An annual review of care complaints by the Local Government and Social Care Ombudsman Michael King shows that there were 35 adult social care complaints made relating to Leeds City Council in 2017/18. Fifteen of these resulted in detailed investigations, while nine were upheld.
Leeds City Council says it is committed to learning from any complaints people have, and that it has a positive approach to handling them.
Mr King said he has become concerned about how some authorities are handling the need to cut costs while still delivering quality care.
He said: “Assessment and care planning, and how care is paid for, remain some of the biggest areas of complaint. Even more concerning is that the issues we see demonstrate a shift from one-off mistakes to problems with whole systems and policies, or procedures being incorrectly applied.
“Adult social care has seen sustained high levels of complaints upheld compared to our general work. We know authorities are operating under an enormous amount of pressure and financial challenge to deliver care services.The stark reality of this is now playing out in the complaints we see.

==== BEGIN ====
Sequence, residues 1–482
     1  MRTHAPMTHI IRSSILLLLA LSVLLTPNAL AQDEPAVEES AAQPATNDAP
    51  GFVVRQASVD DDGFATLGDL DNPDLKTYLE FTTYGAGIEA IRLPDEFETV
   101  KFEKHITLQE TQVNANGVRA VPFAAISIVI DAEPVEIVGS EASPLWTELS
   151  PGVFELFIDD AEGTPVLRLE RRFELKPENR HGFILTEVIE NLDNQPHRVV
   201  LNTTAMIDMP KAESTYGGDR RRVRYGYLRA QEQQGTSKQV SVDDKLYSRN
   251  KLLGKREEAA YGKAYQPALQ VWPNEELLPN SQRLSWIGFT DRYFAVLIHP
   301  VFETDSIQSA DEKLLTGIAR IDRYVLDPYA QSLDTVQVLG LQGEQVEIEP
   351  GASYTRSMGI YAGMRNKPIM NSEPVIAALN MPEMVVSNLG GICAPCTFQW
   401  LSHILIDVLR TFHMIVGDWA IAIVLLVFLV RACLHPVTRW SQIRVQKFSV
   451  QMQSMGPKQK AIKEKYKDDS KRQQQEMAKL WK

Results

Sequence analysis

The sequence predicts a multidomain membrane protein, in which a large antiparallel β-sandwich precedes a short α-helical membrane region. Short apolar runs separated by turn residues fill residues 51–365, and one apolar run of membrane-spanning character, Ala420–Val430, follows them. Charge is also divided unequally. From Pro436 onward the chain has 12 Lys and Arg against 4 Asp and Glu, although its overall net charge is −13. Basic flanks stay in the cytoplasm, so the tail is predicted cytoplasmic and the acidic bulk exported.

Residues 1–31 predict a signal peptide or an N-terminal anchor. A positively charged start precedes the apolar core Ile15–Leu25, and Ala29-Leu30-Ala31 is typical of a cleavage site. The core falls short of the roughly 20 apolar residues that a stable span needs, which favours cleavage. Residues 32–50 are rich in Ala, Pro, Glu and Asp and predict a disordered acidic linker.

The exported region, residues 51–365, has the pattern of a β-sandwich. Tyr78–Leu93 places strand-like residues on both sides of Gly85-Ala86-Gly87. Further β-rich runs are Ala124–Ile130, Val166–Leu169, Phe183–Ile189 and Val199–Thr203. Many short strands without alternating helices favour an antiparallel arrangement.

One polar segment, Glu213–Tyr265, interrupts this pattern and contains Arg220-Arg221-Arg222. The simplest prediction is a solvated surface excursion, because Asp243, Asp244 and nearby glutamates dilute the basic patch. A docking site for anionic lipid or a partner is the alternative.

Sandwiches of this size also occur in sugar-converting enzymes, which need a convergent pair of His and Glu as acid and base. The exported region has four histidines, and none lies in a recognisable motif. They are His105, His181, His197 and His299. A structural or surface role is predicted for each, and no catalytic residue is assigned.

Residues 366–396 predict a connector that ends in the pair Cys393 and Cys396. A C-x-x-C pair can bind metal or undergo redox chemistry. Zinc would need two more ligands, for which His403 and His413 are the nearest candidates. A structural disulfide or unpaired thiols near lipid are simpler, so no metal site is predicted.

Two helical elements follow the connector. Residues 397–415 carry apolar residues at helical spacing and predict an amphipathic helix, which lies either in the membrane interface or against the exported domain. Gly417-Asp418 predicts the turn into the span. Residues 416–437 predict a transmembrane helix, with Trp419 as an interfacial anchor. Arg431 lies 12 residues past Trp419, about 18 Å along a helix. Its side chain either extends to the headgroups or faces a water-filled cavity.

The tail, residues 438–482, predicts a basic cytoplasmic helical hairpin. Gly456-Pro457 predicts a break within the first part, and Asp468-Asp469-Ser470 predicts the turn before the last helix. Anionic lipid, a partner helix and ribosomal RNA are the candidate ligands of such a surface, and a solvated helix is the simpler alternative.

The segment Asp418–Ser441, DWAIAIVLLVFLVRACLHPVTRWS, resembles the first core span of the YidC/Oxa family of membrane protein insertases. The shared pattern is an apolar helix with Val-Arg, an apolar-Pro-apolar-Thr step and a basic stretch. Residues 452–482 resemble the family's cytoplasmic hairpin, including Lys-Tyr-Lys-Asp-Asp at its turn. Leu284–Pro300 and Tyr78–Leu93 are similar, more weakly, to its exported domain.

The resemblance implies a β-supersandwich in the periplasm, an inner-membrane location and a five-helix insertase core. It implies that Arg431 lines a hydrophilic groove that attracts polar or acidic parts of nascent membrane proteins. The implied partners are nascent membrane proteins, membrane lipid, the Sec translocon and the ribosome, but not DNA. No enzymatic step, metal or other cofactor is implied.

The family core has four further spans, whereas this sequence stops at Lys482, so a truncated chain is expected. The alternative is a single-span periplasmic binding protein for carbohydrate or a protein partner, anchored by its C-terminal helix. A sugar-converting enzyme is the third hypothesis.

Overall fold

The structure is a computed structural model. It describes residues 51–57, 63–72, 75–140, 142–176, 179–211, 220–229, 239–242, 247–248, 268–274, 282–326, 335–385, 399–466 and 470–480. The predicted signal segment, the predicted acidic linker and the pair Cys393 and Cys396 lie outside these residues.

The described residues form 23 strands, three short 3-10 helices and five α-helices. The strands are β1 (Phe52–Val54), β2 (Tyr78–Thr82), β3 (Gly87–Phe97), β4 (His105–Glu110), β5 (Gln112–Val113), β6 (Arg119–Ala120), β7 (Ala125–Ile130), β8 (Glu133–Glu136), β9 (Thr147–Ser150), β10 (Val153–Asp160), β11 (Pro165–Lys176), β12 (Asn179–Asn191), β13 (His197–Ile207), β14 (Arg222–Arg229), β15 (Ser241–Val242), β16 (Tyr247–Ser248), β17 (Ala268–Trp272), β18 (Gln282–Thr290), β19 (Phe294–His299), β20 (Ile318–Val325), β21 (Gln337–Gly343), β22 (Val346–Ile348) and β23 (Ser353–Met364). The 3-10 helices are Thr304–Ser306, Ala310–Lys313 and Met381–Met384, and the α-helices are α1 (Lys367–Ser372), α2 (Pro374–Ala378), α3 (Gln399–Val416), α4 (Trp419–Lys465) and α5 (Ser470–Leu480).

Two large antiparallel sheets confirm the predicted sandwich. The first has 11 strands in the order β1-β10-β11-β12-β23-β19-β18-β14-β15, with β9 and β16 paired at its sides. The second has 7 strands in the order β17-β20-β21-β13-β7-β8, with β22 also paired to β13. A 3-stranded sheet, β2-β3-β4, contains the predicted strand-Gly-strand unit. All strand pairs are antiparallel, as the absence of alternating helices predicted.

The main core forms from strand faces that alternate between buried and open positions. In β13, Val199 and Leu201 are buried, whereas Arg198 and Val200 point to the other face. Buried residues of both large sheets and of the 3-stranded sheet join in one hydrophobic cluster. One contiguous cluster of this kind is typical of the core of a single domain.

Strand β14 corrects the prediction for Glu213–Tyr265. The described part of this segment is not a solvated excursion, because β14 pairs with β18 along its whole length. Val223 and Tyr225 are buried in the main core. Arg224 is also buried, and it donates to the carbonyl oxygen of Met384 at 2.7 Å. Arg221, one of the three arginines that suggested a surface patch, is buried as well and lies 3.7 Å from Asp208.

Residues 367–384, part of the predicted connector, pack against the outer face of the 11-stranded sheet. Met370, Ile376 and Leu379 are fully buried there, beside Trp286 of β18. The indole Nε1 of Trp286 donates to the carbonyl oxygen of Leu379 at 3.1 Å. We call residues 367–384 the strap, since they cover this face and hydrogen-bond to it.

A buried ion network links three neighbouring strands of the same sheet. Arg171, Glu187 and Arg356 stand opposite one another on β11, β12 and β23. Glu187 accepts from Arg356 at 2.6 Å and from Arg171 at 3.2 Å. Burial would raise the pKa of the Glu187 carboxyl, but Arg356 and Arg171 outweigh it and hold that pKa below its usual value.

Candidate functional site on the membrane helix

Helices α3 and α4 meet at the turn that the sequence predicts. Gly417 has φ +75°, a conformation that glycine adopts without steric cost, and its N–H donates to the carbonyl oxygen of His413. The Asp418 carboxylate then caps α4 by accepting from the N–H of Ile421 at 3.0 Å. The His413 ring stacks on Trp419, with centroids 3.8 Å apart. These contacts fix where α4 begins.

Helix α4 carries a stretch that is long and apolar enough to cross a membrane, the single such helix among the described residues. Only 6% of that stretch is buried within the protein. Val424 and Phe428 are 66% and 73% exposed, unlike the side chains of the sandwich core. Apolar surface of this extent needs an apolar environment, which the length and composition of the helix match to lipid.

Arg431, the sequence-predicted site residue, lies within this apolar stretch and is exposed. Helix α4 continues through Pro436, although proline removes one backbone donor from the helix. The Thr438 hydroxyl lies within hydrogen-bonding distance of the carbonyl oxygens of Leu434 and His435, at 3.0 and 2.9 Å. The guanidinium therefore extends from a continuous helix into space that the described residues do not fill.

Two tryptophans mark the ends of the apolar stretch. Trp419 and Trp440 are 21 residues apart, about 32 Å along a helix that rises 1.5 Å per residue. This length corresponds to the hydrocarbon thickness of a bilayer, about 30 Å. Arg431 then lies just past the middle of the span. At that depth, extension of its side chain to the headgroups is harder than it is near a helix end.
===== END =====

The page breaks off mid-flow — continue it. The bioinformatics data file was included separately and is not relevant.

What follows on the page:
“Despite this, when it comes to service delivery, we simply can’t make concessions for these pressures in the recommendations we make.
“We are issuing this report because we want to work with the sector to share the wider learning and help improve services.
“Despite the problems we are seeing, I welcome local authorities and care providers’ willingness to work with us to improve services for people in their care, and the way they have complied with our recommendations over the past year.”
A spokesperson for Leeds City Council said: “We are committed to providing the best possible service to the people of Leeds, which includes listening to and learning from any concerns or issues customers might have.
“Leeds has a robust and comprehensive procedure to ensure any complaints are thoroughly investigated and in his annual letter, the ombudsman noted Leeds City Council’s positive approach to complaints handling.
“We attempt to find a resolution where we can and when complaints are upheld, we always work with service users and our partners to find a resolution and review the way we work accordingly.”
The Local Government and Social Care Ombudsman looks at individual complaints about local public services and all registered social care providers throughout England. It conducts investigations into individual complaints in private and makes recommendations on how services can improve.